Then last fall, Narendra Modi, the chief minister of the Indian state of Gujurat, announced his candidacy for prime minister. A new political party that grew out of an anticorruption movement, the Aam Aadmi Party, emerged from seemingly nowhere as a potential game changer in determining the outcome of the elections. And Rahul Gandhi, the scion of the Nehru-Gandhi family that has been at the helm of Indian politics since independence from the British in 1947, is also running for prime minister — without a whole lot of experience behind him.
What this all means is that the elections this year are some of the most important and highly contested in India’s history. Below, a crash course on the fundamentals you need to know to understand what’s at stake.
Mukulika Banerjee.Credit Courtesy of Sonia Paul“Voting in elections is considered sacrosanct by a large majority of Indians,” Mukulika Banerjee writes in the introduction to her new book, “Why India Votes.” That observation forms the backbone of the anthropology professor’s work, an ethnographic study of 12 sites in India during the 2009 general elections, which explores the motivations and opinions of Indian voters on a range of issues related to the electoral process.
As part of the Jaipur Literature Festival’s theme “Democracy Dialogues,” Dr. Banerjee, who is the associate professor of social anthropology at the London School of Economics, participated in several discussions on India’s social and political evolution. While conversations and questions during the panels often zeroed in on this year’s political players like Narendra Modi, Rahul Gandhi and the Aam Aadmi Party, India Ink spoke with Dr. Banerjee about the other factors motivating voter turnout, and why the act of voting is so meaningful for the majority of Indians.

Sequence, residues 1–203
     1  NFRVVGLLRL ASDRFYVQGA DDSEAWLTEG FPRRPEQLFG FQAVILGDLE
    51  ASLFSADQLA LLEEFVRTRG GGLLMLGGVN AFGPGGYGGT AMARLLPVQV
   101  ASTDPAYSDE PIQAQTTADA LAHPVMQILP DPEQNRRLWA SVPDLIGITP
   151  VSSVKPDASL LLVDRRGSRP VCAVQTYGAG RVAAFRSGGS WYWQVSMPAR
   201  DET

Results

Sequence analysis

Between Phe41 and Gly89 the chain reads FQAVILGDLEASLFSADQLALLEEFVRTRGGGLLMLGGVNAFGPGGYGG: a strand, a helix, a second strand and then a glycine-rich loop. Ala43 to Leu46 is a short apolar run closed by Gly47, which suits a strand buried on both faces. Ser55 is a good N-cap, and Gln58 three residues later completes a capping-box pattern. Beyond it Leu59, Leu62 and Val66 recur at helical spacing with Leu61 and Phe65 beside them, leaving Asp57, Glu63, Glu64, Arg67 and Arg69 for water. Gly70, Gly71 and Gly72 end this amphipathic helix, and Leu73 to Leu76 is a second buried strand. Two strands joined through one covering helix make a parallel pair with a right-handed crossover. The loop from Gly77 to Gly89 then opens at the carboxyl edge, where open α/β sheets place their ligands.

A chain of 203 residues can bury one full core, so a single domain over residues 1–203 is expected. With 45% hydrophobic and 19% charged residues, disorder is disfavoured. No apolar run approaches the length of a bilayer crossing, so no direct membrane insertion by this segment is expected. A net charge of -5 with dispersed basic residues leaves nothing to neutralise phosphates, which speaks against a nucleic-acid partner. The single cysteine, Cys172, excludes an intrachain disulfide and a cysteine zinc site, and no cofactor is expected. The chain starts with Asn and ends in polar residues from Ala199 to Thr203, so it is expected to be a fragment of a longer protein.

Why India votes is a huge political question, but your book is actually an anthropological book and an ethnography. What is it about ethnography that lends itself useful to the study of politics?
The raised sign for Avadh Point on Victoria Road in Old Lucknow is missing two letters, the “O” and the “I.” The “D” in Avadh also hangs precariously, as if it is ready to become the third. The three-story building was constructed in 2005, but it stands dilapidated, walls thinning and paint peeling, as if it is as old as the Awadh culture it’s named after.
Since Nov. 6, the start of Muharram, which is the first month of the Islamic calendar and the period of mourning observed mostly by Shia Muslims, several figures are making their presence known at Avadh Point and other areas deemed sensitive in Lucknow for the next two and a half months: police officers.
“All the mess starts from here,” said Zeeshan Ansari, 21, a Sunni Muslim and recent college graduate who lives in the neighborhood. He was sitting on the patio of Avadh Point, gazing at the fruit vendors, shared auto-rickshaws, cycle rickshaws and throngs of people sharing the road in front of him.
Haunted by insecurity, relief camps for victims of communal riots in Uttar Pradesh witness spate of mass weddings.
The setting was unusual for marital bliss, but it was no deterrent for the dozen-odd couples who tied the knot last week in a mass wedding at a relief camp for riot victims in Muzaffarnagar.
Having fled communal violence that recently swept parts of the northern Indian state of Uttar Pradesh and left scores dead and thousands homeless, the newly married couples of Malakpur relief camp held hands together and vowed to make a fresh beginning.
Mass weddings are not uncommon in India, where community and religious leaders sometimes host them for poorer communities to help ease their financial burden.
But a spurt of mass weddings at relief camps sheltering thousands displaced by the riots is evoking contrasting emotions. Some hail them as efforts to rebuild lives. Local authorities, however, see them as unnecessary distractions.